Doctor Who series 6 episode 12: Closing Time

Johnny Candon has an uncanny feeling that something is very good indeed...

 

5 stars

 

 

Air date: UK 24 Sept, 2011, BBC One

 

The Doctor on his walkie talkie

The idea of The Doctor taking a "farewell tour" as he nears the end of an incarnation is something we were first introduced to in The End of Time, Part Two.

 

In The Sarah Jane Adventures story, Death of the Doctor, he tells Jo Jones that he had gone back and seen every single one of his companions before he last regenerated. A nice idea in theory but the thought of him having a gander at Katarina's corpse drifting through eternity, or smiling with nostalgia as he watches Adric scream his face off on a crashing space freighter, does seem slightly ghoulish.

 

As Closing Time opens we find the Eleventh Doctor on his tour, and it's Craig Owens (James Corden) he's ticking off his goodbye list. From the get-go, not all Doctor Who fans are going to like this episode. Sure, it has hugely popular returning monsters in the shape of the Cybermen, looking fantastic, all battered, scuffed and broken. But they get possibly (and I've not timed this) around eight minutes of screen time in the entire thing. This may seem like sacrilege to hardcore fans but they are quite simply, wrong.

 

This is Doctor Who at its purest. It's a story of friendship and love. It's impossible not to like this story! It's just so incredibly cheerful with a massive dollop of heart thrown in.

 

James Corden gets cornered by Cybermen

In the Doctor and Craig we have our very own intergalactic Laurel and Hardy, with Smith and Corden in perfect tune and playing off each other beautifully. One scene in particular, in the Cybermen's ship, where the Doctor tries to distract Craig from their surroundings by declaring his love for him and going in for a snog, had me howling. It's also fun to imagine the same scene but with different Doctors. Hartnell is a particular treat.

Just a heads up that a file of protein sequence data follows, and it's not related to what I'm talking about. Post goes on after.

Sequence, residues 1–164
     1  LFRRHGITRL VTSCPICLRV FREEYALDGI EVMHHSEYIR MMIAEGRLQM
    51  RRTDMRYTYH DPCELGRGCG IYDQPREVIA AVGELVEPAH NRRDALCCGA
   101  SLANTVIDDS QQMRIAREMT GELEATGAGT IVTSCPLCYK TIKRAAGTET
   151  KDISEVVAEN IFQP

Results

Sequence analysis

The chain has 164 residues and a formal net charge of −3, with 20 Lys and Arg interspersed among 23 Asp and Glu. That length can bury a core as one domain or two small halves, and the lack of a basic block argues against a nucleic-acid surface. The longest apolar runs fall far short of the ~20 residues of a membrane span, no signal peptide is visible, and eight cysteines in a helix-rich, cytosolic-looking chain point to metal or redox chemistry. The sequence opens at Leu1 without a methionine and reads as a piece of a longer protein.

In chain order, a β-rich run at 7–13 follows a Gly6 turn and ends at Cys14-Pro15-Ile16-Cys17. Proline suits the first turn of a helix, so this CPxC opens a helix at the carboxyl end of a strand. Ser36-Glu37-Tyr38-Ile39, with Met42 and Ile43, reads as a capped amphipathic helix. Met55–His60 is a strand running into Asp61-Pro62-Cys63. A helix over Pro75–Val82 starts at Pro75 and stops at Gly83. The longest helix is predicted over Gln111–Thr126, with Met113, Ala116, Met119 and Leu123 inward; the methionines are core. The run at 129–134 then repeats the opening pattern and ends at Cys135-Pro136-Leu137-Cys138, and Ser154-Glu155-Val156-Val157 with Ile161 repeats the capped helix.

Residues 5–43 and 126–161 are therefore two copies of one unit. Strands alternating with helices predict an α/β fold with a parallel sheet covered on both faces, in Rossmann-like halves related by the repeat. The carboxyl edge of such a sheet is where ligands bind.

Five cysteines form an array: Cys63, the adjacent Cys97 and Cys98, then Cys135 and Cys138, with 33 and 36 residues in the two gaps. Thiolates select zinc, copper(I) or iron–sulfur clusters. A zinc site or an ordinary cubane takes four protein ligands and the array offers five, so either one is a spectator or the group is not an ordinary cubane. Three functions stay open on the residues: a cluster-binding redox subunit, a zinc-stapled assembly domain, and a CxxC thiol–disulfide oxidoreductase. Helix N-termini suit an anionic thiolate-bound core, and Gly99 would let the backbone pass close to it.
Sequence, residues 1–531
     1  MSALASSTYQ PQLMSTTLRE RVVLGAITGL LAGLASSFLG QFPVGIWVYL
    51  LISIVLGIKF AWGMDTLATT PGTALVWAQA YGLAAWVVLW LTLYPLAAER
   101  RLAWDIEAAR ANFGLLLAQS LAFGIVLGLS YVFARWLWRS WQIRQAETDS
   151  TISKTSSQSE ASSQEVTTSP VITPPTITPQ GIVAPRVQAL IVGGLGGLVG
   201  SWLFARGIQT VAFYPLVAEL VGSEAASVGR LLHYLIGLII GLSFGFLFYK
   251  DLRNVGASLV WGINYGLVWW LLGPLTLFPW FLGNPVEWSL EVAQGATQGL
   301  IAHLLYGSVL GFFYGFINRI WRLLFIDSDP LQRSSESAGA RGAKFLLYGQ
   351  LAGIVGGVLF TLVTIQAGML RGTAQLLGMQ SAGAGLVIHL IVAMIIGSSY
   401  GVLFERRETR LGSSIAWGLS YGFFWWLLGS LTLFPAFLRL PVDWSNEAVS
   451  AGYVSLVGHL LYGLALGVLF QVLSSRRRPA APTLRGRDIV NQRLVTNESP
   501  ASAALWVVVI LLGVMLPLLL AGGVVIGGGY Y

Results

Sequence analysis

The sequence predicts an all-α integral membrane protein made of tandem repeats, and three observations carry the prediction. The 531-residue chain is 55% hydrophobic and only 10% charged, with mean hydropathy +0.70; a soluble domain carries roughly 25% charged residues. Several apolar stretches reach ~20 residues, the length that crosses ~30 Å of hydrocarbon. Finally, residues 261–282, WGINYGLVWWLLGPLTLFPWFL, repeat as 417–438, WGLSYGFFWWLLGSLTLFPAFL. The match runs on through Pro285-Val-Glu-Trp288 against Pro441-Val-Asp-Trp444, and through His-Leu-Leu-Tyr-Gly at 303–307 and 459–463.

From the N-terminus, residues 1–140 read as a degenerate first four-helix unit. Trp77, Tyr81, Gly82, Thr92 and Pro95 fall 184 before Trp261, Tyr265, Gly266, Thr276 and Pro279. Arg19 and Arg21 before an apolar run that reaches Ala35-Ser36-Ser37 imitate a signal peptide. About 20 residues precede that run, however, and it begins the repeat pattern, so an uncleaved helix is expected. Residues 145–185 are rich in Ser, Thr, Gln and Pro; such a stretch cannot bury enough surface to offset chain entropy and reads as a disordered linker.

Gareth Roberts has long been a favourite writer of mine but with Closing Time he really has surpassed himself. As with any Roberts script, the comedy comes thick and fast but it would be wrong to simply label him as the guy who writes the "funny ones". There are moments of genuine tenderness – the Doctor chatting gently to Stormageddon/Alfie in the bedroom, being a particular lump in the throat moment - but Roberts isn't afraid to go for the jugular, either, with Craig's Cyber conversion being a genuinely unsettling, but cracking bit of body horror.

 

Like I said, this episode won't be for everyone. Craig being saved by his love for his infant son will have some fans punching the wall. Good, I hope they hurt their hand. What it is for is a Saturday night audience looking to laugh, cry, be a bit scared and have their imaginations tickled wonderfully. Personally, I was grinning like a loon.

 

This is a story that reaffirms everything there is to love about the show. Yes, there can be space wars, and time wars and creatures that scuttle from the corners of your darkest nightmares, but without a central character as fantastic as the Doctor all those things amount to just another TV programme (called Spacey Timey Battlekick, I'm pitching it to Sky alongside Danny Dyer's Deadliest Space – Danny Dyer sent into space, no cameras, no sound. BAFTA).

 

Doctor Who: Closing Time

Closing Time shows us the Doctor for what he is – the best friend you could ever wish for, a lovely man being lovely. After this brief but beautiful catch up with a mate for a laugh (the Doctor with Craig, the audience with the Doctor), there is a feeling of inevitability for our heroes at the end. As River is strapped into her (impossible) astronaut suit by her owners, The Silents, the Doctor knows he has a date to keep at Lake Silencio, and Craig has to face up to his responsibilities as a Dad. One would be tempted to say the closing message is "Feel the fear and do it anyway," but for the fact that people who say things like that are such atrocious wankers.

 

Closing Time is a big warm hug of an episode and absolutely pitch perfect Doctor Who.

 

Johnny Candon

 

 

Doctor Who: Closing Time
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